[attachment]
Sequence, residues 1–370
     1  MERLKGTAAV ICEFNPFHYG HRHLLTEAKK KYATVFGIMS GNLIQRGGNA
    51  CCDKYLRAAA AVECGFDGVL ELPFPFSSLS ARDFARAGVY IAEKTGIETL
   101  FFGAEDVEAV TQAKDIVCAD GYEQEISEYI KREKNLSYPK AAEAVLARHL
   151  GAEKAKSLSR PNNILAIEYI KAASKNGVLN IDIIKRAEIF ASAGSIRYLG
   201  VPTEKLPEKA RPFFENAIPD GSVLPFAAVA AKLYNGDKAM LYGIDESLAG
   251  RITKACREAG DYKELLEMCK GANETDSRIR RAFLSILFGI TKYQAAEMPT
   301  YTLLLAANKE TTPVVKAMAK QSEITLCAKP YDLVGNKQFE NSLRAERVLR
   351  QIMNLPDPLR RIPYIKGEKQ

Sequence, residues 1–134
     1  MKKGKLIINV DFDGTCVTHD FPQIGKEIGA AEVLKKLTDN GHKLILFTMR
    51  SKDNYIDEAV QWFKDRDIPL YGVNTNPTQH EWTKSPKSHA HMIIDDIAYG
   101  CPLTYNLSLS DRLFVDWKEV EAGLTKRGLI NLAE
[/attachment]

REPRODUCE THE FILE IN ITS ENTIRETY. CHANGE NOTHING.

Sequence, residues 1–370
     1  MERLKGTAAV ICEFNPFHYG HRHLLTEAKK KYATVFGIMS GNLIQRGGNA
    51  CCDKYLRAAA AVECGFDGVL ELPFPFSSLS ARDFARAGVY IAEKTGIETL
   101  FFGAEDVEAV TQAKDIVCAD GYEQEISEYI KREKNLSYPK AAEAVLARHL
   151  GAEKAKSLSR PNNILAIEYI KAASKNGVLN IDIIKRAEIF ASAGSIRYLG
   201  VPTEKLPEKA RPFFENAIPD GSVLPFAAVA AKLYNGDKAM LYGIDESLAG
   251  RITKACREAG DYKELLEMCK GANETDSRIR RAFLSILFGI TKYQAAEMPT
   301  YTLLLAANKE TTPVVKAMAK QSEITLCAKP YDLVGNKQFE NSLRAERVLR
   351  QIMNLPDPLR RIPYIKGEKQ

Sequence, residues 1–134
     1  MKKGKLIINV DFDGTCVTHD FPQIGKEIGA AEVLKKLTDN GHKLILFTMR
    51  SKDNYIDEAV QWFKDRDIPL YGVNTNPTQH EWTKSPKSHA HMIIDDIAYG
   101  CPLTYNLSLS DRLFVDWKEV EAGLTKRGLI NLAE